The practical reasons are that it should take less diesel to cultivate but the biggest reason for this is to avoid generating too much loose soil in case it gets wet before it is handled again. If that happened, you could end up with a field of ‘porridge’.

    The first question that every grower should ask is ‘what do I want to achieve from stubble cultivation?’ The answer should not be ‘because I am bound to do so by law’. It is a cost and therefore you must ask where you can get benefit.

    As a strong advocate of stubble cultivation, I always had four reasons to do it:

  • To desiccate slug and leatherjacket eggs to help prevent a significant cost and problem in the following crop. I found that doing this annually in dry conditions significantly reduced the slug population and the slug problem, even where oilseed rape was grown.
  • To encourage the growth of weed seeds and volunteers to help reduce the soil weed seedbank. This could help to reduce or eliminate certain weed problems, such as wild oats, sterile brome, cleavers, blackgrass. This can also involve sowing catch crops.
  • To incorporate straw that had been chopped. If you don’t cultivate or incorporate, then the chopped straw can result in a number of new problems, which should be avoided.
  • To incorporate organic manures immediately post application.
  • One additional reason to cultivate is the establishment of catch crops post-harvest

    When you are achieving two or three of these objectives, it makes stubble cultivation appear less expensive and more worthwhile, even if some of these advantages only mature in the longer term.

    One additional reason to cultivate is the establishment of catch crops post-harvest.

    So, while you must cultivate, what do you want stubble cultivation to achieve? The need to stay shallow gives discs a potential advantage and machines with steeper disc angles can cut all the ground more easily at shallow depths. However, in many stubbles, shallow cultivation is difficult where the surface has been tightened, either by machines or by rain.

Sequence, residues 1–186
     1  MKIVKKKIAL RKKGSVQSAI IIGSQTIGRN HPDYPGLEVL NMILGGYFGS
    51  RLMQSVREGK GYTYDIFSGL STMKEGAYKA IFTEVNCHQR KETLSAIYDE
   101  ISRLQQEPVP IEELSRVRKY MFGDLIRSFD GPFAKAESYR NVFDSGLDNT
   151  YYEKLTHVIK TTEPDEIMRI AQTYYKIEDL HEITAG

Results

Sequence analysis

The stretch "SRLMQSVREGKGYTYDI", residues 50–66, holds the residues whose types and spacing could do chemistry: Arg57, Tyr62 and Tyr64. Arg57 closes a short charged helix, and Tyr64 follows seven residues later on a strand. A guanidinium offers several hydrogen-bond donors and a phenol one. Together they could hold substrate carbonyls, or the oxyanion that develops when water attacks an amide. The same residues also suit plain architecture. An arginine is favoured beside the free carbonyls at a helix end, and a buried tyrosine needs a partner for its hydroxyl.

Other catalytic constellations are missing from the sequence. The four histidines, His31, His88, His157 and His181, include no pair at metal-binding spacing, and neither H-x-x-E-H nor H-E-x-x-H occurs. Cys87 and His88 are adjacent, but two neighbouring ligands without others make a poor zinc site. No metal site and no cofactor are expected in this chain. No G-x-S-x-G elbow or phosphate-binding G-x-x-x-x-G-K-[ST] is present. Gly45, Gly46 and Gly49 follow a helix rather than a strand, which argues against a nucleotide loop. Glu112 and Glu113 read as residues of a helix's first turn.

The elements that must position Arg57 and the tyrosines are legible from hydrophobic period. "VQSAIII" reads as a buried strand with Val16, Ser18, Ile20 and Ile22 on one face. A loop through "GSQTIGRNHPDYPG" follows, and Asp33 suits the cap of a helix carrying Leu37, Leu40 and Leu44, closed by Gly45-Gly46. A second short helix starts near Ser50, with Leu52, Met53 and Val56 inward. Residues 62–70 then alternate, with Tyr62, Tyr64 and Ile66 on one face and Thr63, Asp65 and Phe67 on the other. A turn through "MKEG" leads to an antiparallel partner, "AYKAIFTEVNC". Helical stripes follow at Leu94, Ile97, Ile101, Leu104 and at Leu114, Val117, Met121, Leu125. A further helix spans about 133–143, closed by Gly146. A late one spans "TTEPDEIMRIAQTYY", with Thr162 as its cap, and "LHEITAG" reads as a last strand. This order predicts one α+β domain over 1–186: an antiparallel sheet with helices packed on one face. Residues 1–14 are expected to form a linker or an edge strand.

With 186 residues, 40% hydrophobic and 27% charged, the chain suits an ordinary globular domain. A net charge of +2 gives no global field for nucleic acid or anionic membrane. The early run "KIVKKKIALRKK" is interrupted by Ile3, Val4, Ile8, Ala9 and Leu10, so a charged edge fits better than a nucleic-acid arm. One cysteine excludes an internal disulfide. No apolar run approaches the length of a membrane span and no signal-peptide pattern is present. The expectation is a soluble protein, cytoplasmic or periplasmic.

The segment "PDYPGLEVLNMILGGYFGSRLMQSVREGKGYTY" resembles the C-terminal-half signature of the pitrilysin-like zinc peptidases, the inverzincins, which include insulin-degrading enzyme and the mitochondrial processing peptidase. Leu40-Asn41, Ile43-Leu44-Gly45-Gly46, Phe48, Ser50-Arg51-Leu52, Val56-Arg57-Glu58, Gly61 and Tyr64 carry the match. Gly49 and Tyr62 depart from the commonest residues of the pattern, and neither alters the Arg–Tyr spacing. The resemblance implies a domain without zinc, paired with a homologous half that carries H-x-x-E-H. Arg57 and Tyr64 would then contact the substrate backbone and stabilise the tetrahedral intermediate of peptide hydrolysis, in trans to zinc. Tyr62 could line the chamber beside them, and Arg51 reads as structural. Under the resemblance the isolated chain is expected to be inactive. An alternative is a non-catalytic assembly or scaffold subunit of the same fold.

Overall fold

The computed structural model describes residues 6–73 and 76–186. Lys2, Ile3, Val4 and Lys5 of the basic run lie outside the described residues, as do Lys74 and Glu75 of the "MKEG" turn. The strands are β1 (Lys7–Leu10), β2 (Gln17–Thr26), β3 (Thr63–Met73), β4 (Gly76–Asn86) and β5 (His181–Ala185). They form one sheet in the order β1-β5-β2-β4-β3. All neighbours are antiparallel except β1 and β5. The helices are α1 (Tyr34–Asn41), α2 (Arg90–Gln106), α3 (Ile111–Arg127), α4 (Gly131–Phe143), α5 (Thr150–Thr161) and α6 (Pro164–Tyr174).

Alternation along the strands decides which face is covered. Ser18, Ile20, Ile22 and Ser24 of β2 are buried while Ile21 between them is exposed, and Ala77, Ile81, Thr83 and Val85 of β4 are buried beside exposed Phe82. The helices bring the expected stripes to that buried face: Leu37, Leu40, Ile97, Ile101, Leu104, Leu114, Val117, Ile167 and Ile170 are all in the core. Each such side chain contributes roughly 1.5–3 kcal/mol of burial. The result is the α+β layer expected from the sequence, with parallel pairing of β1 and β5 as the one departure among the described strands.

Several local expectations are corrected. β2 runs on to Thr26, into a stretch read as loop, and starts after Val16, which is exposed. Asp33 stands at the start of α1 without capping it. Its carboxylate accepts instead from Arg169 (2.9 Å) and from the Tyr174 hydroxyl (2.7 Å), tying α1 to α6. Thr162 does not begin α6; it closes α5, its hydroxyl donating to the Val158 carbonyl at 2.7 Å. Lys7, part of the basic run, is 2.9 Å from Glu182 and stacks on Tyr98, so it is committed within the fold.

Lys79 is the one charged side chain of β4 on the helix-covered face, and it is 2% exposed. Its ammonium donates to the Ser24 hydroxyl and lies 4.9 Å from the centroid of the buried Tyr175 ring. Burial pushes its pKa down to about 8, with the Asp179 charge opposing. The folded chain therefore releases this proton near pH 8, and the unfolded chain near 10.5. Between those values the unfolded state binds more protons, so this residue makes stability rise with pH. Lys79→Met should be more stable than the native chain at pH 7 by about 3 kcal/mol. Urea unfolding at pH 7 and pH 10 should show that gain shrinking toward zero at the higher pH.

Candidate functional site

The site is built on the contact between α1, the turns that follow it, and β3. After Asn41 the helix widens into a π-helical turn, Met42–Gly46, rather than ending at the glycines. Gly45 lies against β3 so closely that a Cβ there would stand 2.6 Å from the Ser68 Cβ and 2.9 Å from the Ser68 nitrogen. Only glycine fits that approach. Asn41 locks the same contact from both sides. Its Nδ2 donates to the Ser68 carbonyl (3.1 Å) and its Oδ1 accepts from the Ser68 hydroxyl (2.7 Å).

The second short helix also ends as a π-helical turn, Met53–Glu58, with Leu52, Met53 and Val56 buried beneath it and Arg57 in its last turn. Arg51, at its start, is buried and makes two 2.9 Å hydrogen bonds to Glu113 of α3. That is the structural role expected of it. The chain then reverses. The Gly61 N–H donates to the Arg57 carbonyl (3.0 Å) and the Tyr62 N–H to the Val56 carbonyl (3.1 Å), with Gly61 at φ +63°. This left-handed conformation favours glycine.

‘Break the crust’

    In such fields it will be important to ‘break the crust’ and this problem is best solved over time by improving soil structure through the addition of organic matter. As the ground mellows, it will become easier to operate at shallow depths.

    There is a bit of a conflict between slug control and weed germination. For slug control, you need the tilled ground to dry out immediately, while for weed germination you need a firm seedbed and moisture retention through compression.

    One will leave a ridged surface while the other will be flat and probably rolled or tightened. That said, there has seldom been a season that did not rain and inevitably all stubbles green up to do that second phase of work following slug control.

    The last point to make about cultivation is that it should not be done in damp conditions and we have seen seasons where it cannot be done (like last year) and you would get zero pest control even if you did cultivate.

  • Try to reduce the intensity of cultivation and only work as deep as is necessary, rather than just working at a depth that you used last year.
  • In all instances, take actions to add organic matter to your land. Soils will always be healthier if a number of different sources of organic matter can be used, eg straw, catch crop and organic manures.
  • Try to use the plough less often, leaving at least two years between ploughing to help reduce weed seed survival.
  • Min-till can provide faster establishment, but it will work much better where soils are initially in good physical condition.
  • Healthy, well-structured soils widen the window of access to land, widening the work window and they also reduce diesel consumption for crop establishment regardless of the system used.